Not all sex is made equal. Sex is sometimes good and sometimes really good. So how does sex go from good to great? Many couples, guided by a whole genre of literature on the subject, focus on techniques, positions, and props. There is, however, another factor that I believe is incredibly helpful when it comes to great sex – timing.
As observant Jews, my wife and I practice niddah – we don’t have sex for a week following menstruation. This practice, over time, has introduced a sexual calendar into our married life. What does it mean to live by a sexual calendar? It means that the week following menstruation, a week that invariably includes the dreaded “Shabbat Niddah,” is a week of abstinence-fueled moodiness. It means that rather than having sex, my wife and I think about sex and talk about sex. We plan upcoming date nights and make sure to book our separate immersions at Mayyim Hayyim.
Having a sexual calendar means that the nights following mikveh are filled with what my wife has dubbed “righteous sex” – we have sex and we really mean it. There is nothing rote or routine about the experience. The sex is great. Of course, a week or so after the mikveh, the excitement usually fades a bit. We might choose sitcoms or books over swapping skin. We might find ourselves too tired from the day’s events to give it the old college try. At those times, I wonder how couples without a sexual calendar get things spicy again. Techniques, positions, props – I’m guessing these work well. For us, though, it’s all about timing. With each month, as the intensity of desire goes from fever pitch to gentle simmer, we know that it’s only a matter of days before we return, once again, to great sex.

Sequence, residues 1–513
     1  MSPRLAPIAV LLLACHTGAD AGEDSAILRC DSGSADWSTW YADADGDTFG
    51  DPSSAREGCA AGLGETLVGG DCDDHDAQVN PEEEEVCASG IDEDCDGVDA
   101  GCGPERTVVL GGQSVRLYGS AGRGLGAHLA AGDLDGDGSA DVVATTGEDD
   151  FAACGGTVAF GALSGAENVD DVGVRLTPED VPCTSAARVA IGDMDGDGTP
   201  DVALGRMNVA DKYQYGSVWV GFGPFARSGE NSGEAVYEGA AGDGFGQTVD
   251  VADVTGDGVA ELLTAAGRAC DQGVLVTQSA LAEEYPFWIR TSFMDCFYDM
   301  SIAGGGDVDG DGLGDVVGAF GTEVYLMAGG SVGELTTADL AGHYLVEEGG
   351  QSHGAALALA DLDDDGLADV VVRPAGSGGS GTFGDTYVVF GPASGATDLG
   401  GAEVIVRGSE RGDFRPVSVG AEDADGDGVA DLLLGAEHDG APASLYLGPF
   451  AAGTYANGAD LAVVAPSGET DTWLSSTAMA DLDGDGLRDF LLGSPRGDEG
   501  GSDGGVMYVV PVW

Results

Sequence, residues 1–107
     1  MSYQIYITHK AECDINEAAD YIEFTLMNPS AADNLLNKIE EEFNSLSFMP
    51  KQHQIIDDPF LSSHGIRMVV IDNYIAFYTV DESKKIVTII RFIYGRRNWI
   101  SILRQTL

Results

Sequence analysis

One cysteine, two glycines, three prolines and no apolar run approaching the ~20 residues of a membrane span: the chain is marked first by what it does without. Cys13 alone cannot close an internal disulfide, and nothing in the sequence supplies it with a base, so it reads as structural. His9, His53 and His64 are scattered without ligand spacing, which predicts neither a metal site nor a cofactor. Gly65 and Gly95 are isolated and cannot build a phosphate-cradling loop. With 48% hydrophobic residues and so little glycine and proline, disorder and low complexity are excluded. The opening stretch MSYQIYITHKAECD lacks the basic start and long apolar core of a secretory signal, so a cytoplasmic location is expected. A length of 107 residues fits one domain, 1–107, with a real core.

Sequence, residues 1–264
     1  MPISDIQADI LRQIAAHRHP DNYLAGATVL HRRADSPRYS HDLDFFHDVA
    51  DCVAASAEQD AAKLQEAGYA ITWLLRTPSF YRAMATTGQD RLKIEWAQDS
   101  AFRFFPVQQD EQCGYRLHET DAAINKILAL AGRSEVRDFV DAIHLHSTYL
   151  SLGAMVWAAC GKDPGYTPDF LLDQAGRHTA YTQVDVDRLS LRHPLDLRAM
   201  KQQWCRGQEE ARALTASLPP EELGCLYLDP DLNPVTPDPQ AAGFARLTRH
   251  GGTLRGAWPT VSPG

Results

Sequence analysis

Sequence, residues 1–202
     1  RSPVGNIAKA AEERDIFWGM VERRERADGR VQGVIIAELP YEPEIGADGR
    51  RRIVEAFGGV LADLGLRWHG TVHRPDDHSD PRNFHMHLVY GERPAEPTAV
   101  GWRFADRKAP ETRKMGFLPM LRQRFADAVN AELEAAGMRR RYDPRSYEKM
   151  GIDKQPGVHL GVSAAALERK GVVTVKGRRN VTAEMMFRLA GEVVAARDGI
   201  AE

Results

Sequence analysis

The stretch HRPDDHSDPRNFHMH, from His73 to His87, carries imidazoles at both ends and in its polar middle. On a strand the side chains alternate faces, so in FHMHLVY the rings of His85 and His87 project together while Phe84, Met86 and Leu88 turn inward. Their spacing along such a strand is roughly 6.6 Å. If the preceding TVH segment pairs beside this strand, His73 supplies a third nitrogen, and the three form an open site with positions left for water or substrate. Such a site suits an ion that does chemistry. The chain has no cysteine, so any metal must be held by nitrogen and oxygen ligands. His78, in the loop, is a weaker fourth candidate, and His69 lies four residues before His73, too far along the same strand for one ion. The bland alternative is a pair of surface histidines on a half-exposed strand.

Rabbi Benjamin Shalva serves as rabbi of Temple Reyim in Newton, MA. When not at Temple Reyim, he spends his time practicing yoga, watching films, and laughing with his wife Sara Shalva, his five-year-old son Lev, and his two-year-old daughter Avital. Born and raised in Milwaukee, Wisconsin, he received rabbinical ordination and holds a Masters in Hebrew Letters, with a focus on Talmud, from the Jewish Theological Seminary in New York. He also holds a B.A. from Vassar College, and graduate certificates from the Dell’Arte International School of Physical Theater in Blue Lake, CA and the WUJS Institute of Jewish Studies in Arad, Israel.